Nothing prepares you for seeing a colleague in tears over antisemitism.
Labour deputy leadership hopeful, Rosena Allin-Khan, speaks about her heritage informing her fight against Jew-hate, and her commitment to mending ties with the community.
“There is nothing that prepares you for seeing a colleague in tears,” says Dr Rosena Allin-Khan, one of five hopefuls standing for Labour’s deputy-leadership.
Committed to winning back the trust of the community – and standing up for MPs such as Luciana Berger and Ruth Smeeth who are no longer in Westminster – Allin-Khan, currently the MP for Tooting, seems sincere in her battle against hate.
She grew up as the daughter of immigrants – her father hailing from Pakistan, her mother from Poland, herself the descendent of resistance fighters killed by the Nazis.
But she’s aware that hate and prejudice won’t be solved over a chat with tea and biscuits.
Before her career in politics, she was a humanitarian doctor, working on the ground with Palestinians, while her mother’s family from Poland were killed by the Nazis.
It’s these experiences which allow her to reconcile speaking out against Israeli policies, while committing herself to the fight against antisemitism, drawing praise from the community in carefully balancing these issues.
The first of her pledges is to meet with the Jewish Labour Movement, should she get elected. It would be “essential to the restructuring” of relations, and “how we rebuild trust.”
She is also keen on an education program, saying “people use antisemitic tropes and they don’t even realise what they’re doing and they repeatedly do so.”
While indicating she would speak with “any group that was looking to acknowledge there was a problem, and work towards coming up with a solution to fix it” she adds that she is the “only deputy leader candidate who hasn’t nominated a leader”.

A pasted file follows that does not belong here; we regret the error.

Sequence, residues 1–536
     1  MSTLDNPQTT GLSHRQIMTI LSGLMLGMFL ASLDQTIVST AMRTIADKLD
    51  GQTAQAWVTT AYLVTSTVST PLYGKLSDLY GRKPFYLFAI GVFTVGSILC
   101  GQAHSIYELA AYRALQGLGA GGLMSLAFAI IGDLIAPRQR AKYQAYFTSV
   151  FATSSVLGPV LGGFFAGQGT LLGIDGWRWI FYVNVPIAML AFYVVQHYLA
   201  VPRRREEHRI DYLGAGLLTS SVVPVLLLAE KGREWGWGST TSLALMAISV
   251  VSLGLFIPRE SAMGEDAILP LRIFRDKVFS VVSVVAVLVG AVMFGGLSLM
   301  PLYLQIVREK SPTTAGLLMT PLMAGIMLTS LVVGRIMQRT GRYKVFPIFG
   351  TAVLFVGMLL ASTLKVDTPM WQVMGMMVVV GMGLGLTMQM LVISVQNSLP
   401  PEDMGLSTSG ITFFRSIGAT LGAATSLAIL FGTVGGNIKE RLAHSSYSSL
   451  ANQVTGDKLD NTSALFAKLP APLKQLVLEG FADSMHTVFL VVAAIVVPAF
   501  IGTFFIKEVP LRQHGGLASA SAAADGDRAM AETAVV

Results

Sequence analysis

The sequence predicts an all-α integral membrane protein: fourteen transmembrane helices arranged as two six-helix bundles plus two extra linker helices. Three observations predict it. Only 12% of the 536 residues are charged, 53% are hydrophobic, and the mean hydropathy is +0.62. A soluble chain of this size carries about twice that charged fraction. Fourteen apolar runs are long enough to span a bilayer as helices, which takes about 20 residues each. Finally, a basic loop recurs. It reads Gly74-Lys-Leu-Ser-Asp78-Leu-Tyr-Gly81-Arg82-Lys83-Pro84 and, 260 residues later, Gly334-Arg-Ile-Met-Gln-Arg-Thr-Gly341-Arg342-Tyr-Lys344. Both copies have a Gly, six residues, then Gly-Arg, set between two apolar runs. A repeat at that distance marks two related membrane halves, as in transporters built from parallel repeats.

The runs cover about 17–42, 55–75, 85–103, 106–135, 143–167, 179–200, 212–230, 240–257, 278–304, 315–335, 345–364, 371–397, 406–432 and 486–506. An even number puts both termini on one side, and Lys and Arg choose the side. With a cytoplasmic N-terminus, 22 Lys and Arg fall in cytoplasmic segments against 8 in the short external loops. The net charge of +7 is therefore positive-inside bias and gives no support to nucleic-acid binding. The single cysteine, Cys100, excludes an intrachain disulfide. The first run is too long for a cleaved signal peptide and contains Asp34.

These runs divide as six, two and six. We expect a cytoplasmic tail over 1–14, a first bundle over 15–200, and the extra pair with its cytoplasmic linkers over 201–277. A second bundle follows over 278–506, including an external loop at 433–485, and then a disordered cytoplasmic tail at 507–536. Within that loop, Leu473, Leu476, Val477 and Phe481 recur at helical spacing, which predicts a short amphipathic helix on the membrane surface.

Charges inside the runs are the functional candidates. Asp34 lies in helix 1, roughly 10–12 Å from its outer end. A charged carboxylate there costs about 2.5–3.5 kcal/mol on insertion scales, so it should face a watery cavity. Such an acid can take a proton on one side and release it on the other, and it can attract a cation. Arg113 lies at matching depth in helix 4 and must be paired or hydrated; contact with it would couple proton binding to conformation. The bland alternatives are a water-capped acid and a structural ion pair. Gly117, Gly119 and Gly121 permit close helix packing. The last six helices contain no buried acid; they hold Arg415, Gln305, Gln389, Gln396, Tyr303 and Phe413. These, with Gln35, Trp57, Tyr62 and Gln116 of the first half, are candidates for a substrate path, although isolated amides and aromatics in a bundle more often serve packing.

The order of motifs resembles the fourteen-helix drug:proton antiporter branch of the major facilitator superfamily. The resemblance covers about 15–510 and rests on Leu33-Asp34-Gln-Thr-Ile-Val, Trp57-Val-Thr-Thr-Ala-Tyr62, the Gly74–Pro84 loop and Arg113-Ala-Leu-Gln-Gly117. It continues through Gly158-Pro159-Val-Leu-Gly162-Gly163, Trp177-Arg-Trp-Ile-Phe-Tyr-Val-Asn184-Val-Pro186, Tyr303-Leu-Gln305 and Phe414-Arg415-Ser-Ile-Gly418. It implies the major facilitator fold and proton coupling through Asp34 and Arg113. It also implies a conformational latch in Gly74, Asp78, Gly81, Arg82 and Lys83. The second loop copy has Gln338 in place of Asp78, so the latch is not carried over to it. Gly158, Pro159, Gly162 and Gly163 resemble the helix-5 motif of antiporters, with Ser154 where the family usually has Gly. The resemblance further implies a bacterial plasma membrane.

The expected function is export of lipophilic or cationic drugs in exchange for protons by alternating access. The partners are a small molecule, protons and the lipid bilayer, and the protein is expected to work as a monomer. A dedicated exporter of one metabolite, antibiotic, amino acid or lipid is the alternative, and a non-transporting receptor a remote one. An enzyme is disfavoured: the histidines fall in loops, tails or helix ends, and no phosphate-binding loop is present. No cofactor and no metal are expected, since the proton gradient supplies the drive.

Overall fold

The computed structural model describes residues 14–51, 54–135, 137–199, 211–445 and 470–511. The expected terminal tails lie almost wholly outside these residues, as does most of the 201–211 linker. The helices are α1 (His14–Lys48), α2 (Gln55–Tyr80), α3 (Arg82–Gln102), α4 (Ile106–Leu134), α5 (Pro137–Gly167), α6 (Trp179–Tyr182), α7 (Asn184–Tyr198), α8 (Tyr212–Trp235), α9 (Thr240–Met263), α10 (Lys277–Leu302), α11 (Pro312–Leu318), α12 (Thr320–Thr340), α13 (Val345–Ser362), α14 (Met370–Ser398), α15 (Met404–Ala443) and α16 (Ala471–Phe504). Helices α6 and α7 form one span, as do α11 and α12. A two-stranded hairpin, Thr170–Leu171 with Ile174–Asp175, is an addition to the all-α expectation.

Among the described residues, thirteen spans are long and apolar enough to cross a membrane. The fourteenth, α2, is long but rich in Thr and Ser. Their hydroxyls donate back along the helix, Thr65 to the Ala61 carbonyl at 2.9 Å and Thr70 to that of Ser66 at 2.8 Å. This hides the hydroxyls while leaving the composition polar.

She’s willing to “work with whomever the leader is” on rebuilding trust.
Calling the demise in relations between the community and the party “sad” and “terrible”, she opens up about “people I know that I am very close to, who have been really brave and speaking out antisemitism in the party.”
“They have received torrents of abuse and nothing’s been done about it”.
“Any leader seeing something like this unfolding needs to be all over it”, she says.
But was Corbyn’s team responsible? She says they were not the “cause of the antisemitic problem in Labour, I think they didn’t deal with the problem, well enough”.
Yet, she’s under no illusions as to the extent of the problem, saying it must be tackled “from a grassroots membership level first and take it all the way to MPs themselves”.
“The complaints process wasn’t dealt with properly”, Allin-Khan says, adding: “As people began to show antisemitic abuse .. the more they saw it wasn’t being dealt with the more they felt able to do so.”
On mending ties, she wants an “independent” process for tackling complaints with “outstanding cases to be dealt with within a particular time”, and “automatic expulsion” for antisemitism, though she wouldn’t be drawn on whether she would intervene, like Tom Watson, who she is trying to succeed.
Her drive to fight antisemitism is in part inspired by her heritage.
“My mum’s Polish and I lost lots of family during the war. They were not Jewish, but they fought alongside Jewish friends and my great uncle died during that time, my grandma was pregnant in the Warsaw ghetto with my uncle.”
“That whole experience is a very real part of my history, and it is a shared history that I understand deeply and I’m very saddened about with the Jewish community.
She was embroiled in a dispute with the Israeli Deputy Ambassador in 2016, following a radio discussion about Palestinians’ access to medical aid.
After revealing the two had met in person to discuss the issue, she was accused of being “bought by Zionists”, facing significant online abuse.
Her response drew praise, with Dave Rich from the Community Security Trust saying it “illustrated the difference between pro-Palestinian and anti-Zionist”.
She says: “I am a doctor, and have been a humanitarian doctor for my whole professional life.”
“It is possible, and fair, to identify areas where there could be improvement to somebody’s life and health and not to conflate that with a whole antisemitic issue.
“ I will always be proud to stand up for people’s basic human rights, and I’m also very aware of my history and my shared history with the Jewish community.
I feel it’s perfectly possible to manage the two.”
here you can read about my campaign activities